So, an automation professional goes to the local Starbucks to purchase his tall latte and uses his iOS mobile application which has the same password as everything else he uses.
That is where the fun can begin because as it turns out, Starbucks’ iOS mobile application stores users’ usernames, email address and passwords in clear text, a security researcher found and he has been trying to share this discovery with the company for months.
After repeatedly ending up in customer service, Daniel Wood decided to go public with his discovery on the Full Disclosure mailing list.
“Username, email address, and password elements are being stored in clear-text in the session.clslog Crashlytics log file,” he said. “Within session.clslog there are multiple instances of the storage of clear-text credentials that can be recovered and leveraged for unauthorized usage of a users account on the malicious users’ own device or online at https://www.starbucks.com/account/signin. It contains the HTML of the mobile application page that performs the account login or account reset. session.clslog also contains the OAuth token (signed with HMAC-SHA1) and OAuth signature for the users account/device to the Starbucks service.”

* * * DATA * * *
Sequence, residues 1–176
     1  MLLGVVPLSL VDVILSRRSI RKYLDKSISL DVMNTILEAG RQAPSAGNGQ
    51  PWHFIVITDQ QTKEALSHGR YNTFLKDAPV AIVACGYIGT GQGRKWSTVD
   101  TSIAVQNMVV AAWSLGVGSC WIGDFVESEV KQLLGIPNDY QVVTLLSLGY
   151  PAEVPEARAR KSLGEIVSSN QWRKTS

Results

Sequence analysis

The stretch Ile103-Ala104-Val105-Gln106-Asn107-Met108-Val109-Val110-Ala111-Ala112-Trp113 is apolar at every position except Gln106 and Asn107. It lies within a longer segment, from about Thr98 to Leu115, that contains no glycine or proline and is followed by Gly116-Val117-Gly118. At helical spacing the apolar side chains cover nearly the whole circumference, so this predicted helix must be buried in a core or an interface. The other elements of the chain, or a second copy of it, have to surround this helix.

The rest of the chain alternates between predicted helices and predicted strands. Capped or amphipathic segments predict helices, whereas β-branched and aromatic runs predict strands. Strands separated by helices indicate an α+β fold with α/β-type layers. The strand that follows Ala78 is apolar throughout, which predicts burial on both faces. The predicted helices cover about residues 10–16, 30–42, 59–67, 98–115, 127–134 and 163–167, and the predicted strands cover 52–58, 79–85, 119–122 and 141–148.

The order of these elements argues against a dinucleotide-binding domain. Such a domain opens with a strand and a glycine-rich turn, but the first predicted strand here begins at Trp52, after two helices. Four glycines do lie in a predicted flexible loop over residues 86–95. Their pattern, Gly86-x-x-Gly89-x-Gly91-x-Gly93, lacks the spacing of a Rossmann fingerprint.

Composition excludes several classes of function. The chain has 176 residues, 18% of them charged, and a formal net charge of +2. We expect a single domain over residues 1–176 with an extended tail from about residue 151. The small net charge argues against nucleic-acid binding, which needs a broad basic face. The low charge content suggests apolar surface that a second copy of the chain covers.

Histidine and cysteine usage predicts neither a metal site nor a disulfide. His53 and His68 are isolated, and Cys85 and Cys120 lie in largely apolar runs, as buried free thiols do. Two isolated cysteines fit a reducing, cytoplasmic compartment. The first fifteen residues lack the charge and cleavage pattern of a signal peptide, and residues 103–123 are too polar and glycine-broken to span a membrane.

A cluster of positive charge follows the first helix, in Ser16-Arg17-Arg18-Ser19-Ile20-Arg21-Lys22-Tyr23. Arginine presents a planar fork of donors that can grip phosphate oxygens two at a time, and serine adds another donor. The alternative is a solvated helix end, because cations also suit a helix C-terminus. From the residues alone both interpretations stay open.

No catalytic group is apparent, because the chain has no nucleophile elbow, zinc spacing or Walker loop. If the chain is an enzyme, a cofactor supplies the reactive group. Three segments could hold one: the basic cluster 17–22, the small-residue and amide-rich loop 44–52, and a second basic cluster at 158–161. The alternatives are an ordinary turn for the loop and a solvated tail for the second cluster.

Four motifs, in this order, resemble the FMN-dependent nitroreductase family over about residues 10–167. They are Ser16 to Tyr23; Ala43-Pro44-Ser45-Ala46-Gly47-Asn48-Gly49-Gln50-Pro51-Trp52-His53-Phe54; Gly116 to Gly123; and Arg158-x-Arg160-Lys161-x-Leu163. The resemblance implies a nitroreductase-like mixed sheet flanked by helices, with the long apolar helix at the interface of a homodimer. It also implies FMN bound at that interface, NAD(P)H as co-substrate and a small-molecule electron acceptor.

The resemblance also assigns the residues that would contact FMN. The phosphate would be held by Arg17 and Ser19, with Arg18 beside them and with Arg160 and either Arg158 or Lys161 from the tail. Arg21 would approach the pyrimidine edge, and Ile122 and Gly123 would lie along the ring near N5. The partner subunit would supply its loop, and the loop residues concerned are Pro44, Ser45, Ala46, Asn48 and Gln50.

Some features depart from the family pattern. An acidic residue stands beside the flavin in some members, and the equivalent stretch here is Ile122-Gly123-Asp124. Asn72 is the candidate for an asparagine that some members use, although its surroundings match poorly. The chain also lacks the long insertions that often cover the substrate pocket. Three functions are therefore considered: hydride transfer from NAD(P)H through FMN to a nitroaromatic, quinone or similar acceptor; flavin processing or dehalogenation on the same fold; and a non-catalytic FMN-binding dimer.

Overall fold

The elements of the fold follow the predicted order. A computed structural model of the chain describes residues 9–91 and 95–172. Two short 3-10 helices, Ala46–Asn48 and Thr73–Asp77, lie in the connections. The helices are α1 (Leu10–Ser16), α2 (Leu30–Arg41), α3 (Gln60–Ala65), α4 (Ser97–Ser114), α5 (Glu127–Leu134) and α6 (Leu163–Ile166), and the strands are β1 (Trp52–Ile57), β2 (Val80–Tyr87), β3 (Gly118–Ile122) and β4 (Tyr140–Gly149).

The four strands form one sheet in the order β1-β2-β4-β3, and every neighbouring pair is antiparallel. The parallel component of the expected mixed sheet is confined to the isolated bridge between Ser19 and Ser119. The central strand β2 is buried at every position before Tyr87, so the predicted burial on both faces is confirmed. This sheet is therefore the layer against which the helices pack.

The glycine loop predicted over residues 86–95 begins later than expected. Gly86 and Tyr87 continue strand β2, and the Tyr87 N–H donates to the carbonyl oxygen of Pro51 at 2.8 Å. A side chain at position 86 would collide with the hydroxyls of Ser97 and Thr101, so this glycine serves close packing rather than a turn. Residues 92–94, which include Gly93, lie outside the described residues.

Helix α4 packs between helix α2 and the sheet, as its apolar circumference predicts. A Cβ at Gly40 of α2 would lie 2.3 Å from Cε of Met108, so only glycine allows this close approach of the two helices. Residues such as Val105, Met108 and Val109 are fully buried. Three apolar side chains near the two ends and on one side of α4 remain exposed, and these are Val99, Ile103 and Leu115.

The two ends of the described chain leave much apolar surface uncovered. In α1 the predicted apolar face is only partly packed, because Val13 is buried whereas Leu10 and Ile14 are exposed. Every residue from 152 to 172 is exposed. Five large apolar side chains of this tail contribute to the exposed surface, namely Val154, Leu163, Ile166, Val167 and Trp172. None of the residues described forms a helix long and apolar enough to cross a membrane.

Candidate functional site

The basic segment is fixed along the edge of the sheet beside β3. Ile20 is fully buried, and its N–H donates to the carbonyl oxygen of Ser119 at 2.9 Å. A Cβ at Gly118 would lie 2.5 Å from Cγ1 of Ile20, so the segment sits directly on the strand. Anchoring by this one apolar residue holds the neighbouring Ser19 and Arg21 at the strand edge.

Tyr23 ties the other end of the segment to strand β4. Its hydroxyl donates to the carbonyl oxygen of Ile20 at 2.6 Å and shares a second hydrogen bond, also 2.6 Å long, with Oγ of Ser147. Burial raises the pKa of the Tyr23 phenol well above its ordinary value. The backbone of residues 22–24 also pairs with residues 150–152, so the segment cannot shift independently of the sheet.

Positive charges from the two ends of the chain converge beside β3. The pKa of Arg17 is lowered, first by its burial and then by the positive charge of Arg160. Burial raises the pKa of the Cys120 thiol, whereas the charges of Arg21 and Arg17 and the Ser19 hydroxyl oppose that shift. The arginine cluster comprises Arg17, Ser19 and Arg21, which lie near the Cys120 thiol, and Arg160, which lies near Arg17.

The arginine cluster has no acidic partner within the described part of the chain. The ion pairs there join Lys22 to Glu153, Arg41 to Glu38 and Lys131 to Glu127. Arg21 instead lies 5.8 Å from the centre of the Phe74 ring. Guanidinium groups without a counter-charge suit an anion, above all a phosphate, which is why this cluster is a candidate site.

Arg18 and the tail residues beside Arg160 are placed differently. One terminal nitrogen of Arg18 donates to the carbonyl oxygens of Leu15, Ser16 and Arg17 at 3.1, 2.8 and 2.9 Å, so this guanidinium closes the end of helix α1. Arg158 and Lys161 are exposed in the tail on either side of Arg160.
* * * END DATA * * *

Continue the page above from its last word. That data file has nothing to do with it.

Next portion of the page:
The danger lies mostly in the fact the app can perform purchases at Starbucks, and some users enable the auto-replenish option, which makes the app able to access the users’ bank account and transfer money from it to their Starbucks account.
A bad guy that steals a user’s iPhone or if someone borrows it and knows what to do and what tool to use can easily access the aforementioned file even if with a locked phone.
With the username/password combination, he can empty the victim’s Starbucks account either via the app (if he guesses the PIN) or via the Starbucks website.
Another, more serious problem may arise if the victim uses the same login credentials for more important accounts.
Since the public release of the information regarding this security flaw, Starbucks executives said they knew about its existence, and they have implemented adequate security measures to fix the flaw.
They didn’t specify what they did, but Wood said the flaw is still in the latest version of the app. This time he also noticed a geolocation history file also contains information in clear text information that can show the victim’s movements.